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We have an exciting growing season ahead of us. We started sowing seeds at the end of January (the alpine strawberries were first) and we are now sowing something almost every day. We have quite an extensive list, including several new things that we’ve never grown before. We’ve decided that if any of our crops fail, we’ll put summer squash in its place just so the ground doesn’t sit idle… we never seem to have a problem growing an abundance of summer squash.
Here’s a list of the crops we’re growing:
Ajipa (Ahipa, Yam Bean, Andean Jicama)
Amaranth (both for the grains & the greens… the greens are also known as callaloo, tampala, & chinese spinach)
Anise (Pimpinella anisum)
Anise Hyssop (Agastache foeniculum)
Wild Rocket Arugula
Cardoon (already established)
Chia (a type of salvia; two different kinds)
Chinese Artichokes (tubers)
Chives (garlic & onion/common)
Cow pea (purple-eye)
Cress (a couple of different kinds)
Dandelions (yes… dandelions)
Ground Cherries (a type of husk tomato)
Horseradish (possibly – the mustards & wasabi arugula may be enough)
Hot Peppers (several)
Huacatay (Tagetes minuta)
Jerusalem artichoke (we’ll be planting them in late summer)
Johnny Jump Ups
Large Leaf Tong Ho (oriental green)
Melons (Canteloupe & others)
Mints (several kinds)
Monk Fruit (if we can get it to germinate…)
Onions (bulbs & scallions)
Pak Choi (Bok Choy)
Passion Flower (several varieties)
Peanuts (Virginian &/or Spanish)
Peas (English Peas – Shelling, Snap, & Snow)
Potatoes (fingerlings & others)
Sesame (a couple of different kinds)
Typical Leaf Spinaches
New Zealand Spinach
Strawberry Spinach (grown for its edible greens & berries)
Strawberries (Alpine, from seed)
Summer Squash (several types)
Sunflowers (some oil seed types for sprouting; & mammoth seed types for eating out of hand)
Sweet Peppers (several)
Tall Fernleaf Fiddleneck (specifically for the pollinators)
Oh my. Now that I’ve got it listed out like that, that is a lot. Well, biodiversity is a good thing, right?
Now a bit about the gardens.
We have two gardens this year:
The kitchen garden is open to the public, so it has to look particularly nice during the summer months. Since a lot of the cool-season crops we want to grow won’t be ‘finished’ until after some warm-season things would need to be planted, the kitchen garden will contain only warm-season crops. The kitchen garden has been cultivated as a public garden for at least a couple of decades and has quite a lot of organic matter built up in the soil, so we’re reserving it as a no-till garden. We want to leave the living soil system intact. The kitchen garden also has the benefit of fences and a trellis already installed.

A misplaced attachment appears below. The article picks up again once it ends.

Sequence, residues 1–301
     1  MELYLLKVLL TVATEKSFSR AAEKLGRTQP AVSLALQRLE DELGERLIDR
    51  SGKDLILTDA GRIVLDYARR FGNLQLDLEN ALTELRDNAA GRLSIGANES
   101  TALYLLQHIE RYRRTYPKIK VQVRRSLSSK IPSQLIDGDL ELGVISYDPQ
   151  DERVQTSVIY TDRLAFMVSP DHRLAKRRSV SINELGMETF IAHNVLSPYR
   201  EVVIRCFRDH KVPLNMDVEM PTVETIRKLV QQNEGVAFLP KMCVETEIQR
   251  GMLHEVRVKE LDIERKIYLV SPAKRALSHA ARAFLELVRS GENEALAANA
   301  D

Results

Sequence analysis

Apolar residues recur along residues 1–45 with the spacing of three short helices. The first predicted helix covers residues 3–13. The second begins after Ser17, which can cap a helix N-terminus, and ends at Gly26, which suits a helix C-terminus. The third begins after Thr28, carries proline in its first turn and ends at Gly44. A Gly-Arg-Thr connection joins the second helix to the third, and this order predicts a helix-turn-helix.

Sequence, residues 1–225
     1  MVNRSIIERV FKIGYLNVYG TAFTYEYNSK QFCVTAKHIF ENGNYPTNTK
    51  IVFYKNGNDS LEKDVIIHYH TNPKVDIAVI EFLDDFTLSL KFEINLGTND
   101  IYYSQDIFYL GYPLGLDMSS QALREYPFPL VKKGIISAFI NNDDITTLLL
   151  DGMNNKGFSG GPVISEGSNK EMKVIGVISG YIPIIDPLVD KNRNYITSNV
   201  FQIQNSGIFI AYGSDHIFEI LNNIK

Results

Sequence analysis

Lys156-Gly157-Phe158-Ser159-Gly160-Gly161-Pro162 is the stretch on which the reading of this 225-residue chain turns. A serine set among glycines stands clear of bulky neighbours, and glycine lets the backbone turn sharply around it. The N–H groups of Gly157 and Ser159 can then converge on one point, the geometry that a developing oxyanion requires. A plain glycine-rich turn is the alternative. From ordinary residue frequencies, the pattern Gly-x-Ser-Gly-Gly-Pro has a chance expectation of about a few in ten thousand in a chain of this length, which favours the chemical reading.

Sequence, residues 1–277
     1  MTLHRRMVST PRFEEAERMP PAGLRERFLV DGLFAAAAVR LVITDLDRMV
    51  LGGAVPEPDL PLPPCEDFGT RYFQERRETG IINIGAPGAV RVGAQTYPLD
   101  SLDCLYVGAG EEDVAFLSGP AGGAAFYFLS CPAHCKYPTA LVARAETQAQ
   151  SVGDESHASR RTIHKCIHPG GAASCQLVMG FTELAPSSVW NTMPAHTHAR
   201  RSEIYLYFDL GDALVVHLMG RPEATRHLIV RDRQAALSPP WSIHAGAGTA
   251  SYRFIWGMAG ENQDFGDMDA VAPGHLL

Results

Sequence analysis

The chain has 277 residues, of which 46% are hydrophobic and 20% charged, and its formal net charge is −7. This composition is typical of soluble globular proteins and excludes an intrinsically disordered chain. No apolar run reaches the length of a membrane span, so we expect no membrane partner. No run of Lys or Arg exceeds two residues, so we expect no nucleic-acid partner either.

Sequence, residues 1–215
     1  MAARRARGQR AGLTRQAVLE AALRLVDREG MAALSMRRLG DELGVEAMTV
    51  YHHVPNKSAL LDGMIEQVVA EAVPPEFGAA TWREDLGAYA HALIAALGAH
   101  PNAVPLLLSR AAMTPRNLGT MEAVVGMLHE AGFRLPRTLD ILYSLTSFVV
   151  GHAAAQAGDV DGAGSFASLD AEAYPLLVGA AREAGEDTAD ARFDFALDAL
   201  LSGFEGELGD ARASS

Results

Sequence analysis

The east garden is somewhat bigger than the kitchen garden. It is much less cultivated and is almost straight clay soil. It also lacks fencing. So we knew, when we took on that plot of ground, that it would require more work.
We’ve been watching the weather since the beginning of January, waiting for the rain/sleet/snow to stop and the sun to come out long enough to dry out the east garden so that we could get a tiller on it. A couple of weeks ago we finally got a break in the weather for about 48 hours, and we tilled 4 cubic yards of good compost into the kitchen garden… right before an untimely sprinkling of snow. At least we got it done and it’s sitting in the soil, working its magic.
We don’t like the practice of tilling in general (it just makes us both cringe to think of the living soil system being broken up like that and we always wonder how many worms get killed in the process) but the east garden always becomes a swampy mess when it rains, and hard as a rock when it dries. So we knew it needed as much organic matter added to the soil as possible to build up the soil fertility and help it to drain better.
Now we’re waiting for the weather to clear out, warm up a few degrees, and dry out so we can direct sow about 20 pounds peas across the whole garden.
We were going to do it 10 days ago, but the weather hasn’t cooperated yet. That’s part of gardening. We always make up a schedule and we always have to adjust according to our observations and the weather.
We’re planting such a large amount of peas because the pea plants will add nitrogen to the soil, it will produce a large crop of peas and pea pods that we can freeze for eating over the next few months, and when the pea plants are done producing we can work them into the soil for an additional dose of organic matter. The easiest way to get all that pea plant organic matter into the soil would’ve been to plant the whole garden at once, harvest all the peas, and till the whole garden again, right before putting in other crops. But plans have had to change and it looks like we’re going to have to do it kind of piecemeal.
Another thing we’re in the process of is building fences (or at least a partial fence) around the east garden. It may not be a ‘necessary’ thing to do (it’s not going to keep out raccoons and rabbits). I just really like fences and trellises. It gives definition to the garden space.
To build the fence, we’re repurposing old pallets. We’ve got a growing collection of them behind our house. We want the fence to look neat and tidy, though, so we’re using pallets that are the same height and with the same type of structure. It’ll be a “re-purposed pallet picket fence” when we’re done. I’m even going to paint it white.
On one good afternoon/evening, when the weather warmed up tolerably, we prepared 6 pallets (pulling off the back boards so that it looked neater) and managed to install two of them before nightfall. And now we’re waiting on weather again. It got really windy last night, but the two fence panels were still standing this morning. I think that’s a good sign.
It takes work. Of course it does. But it’s worth it.